By Mark Foutch, President
Incorporation, Bylaws and Progress
(If the exploratory and organizational meetings of 2001 could be considered “conception” and “birth,” then early in 2002 the Olympia Historical Society was “confirmed” and took its first steps. And suddenly the “toddler” had lots of great ideas. The challenge would be to choose among them and then focus organizational talent and energy to turn them into reality.)
2002: The January 26th Meeting
On January 9, The Olympian ran a notice that “The Olympia Historical Society’s second organizational meeting will be 2 p.m. Jan. 26 at the Thurston County Courthouse…Agenda items include adopting articles of incorporation, electing officers and setting up committees. An additional meeting is planned for 2 p.m. Feb. 23.”
Present were Bob Arnold, Karen Bowen, Drew Crooks, Spencer Daniels, Roger Easton, Edward Echtle, Lynn Erickson, Lois Fenske, Annamary Fitzgerald, Gary Foote, Susan Goff, Beverly Gunstone, Jerry Handfield, Pat Harper, Genevieve Hupe’, Russ Hupe’, E.L. Johnson, F. David Kindle, Anne Kilgannon, Bonnie Marie, Charles Roe, Liza Rognas, Ann Shipley, Randolph Stilson, Rae Verhoff, Lanny Weaver and Tom Zahn.
Temporary Chair Annamary Fitzgerald opened the meeting with an announcement on meeting etiquette: “No one will be allowed to speak for more than 3 minutes before yielding the floor to another member.” Apparently the past meeting’s experience had caused this measure to be felt necessary.
The proposed Articles of Incorporation passed after a few amendments. Article I confirmed the group’s official name as “Olympia Historical Society.” Article II specified that the period of existence of the new corporation was to be “perpetual.” Article III laid out OHS’ “business and purpose,” drawn from the drafts considered at earlier meetings. Article IV gave the group’s location as “Olympia, Washington.” Article V listed Annamary Fitzgerald as the Initial Registered Agent. Article IV listed her address for the record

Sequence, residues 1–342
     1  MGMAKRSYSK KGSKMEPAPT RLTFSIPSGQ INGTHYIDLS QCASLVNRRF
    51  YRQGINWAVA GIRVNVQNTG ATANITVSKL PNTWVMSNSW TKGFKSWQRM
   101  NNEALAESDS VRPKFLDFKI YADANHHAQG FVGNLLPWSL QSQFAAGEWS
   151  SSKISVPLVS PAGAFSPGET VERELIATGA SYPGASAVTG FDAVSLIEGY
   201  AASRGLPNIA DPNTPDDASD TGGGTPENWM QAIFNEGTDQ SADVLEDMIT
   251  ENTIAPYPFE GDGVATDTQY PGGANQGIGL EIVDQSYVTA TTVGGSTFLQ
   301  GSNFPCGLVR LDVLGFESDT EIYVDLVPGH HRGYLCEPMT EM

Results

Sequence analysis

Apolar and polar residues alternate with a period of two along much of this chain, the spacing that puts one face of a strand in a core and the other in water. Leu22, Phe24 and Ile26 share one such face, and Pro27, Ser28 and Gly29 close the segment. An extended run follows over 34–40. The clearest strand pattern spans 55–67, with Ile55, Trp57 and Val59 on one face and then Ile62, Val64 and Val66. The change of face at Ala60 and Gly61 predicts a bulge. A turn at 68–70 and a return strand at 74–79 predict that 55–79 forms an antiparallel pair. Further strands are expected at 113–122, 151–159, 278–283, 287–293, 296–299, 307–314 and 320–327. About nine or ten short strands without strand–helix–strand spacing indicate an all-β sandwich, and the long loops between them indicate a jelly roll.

Article VII specified that the Board of Directors would number not less than three but that the final number, methods of election or appointment, and term of office, would be further specified in the Bylaws. Article VIII said that classes of membership, qualifications, rights, and method of acceptance for each class would also be specified in the Bylaws.
Article IX listed the Incorporators as: President Annamary Fitzgerald; Vice President Rebecca Christie; Secretary Spencer Daniels; Treasurer Shanna Stevenson; Board Member Drew Crooks. Article X directed that, if/when the Corporation were to be dissolved, its assets would be distributed to “another 501(c)(3) or nonprofit groups with similar purposes and objects,” and exempt from U.S. taxes, or to the Federal , State or local government for “a public purpose.” Any assets not so distributed would be disposed of by a Court. And Article XI allowed amendments to the Articles of Incorporation only by a general or special meeting of the membership.
Bob Arnold then moved approval of the draft Bylaws and Lois Fenske seconded. After five amendments were approved, Bob Arnold again moved approval, Drew Crooks seconded, and the Bylaws were adopted: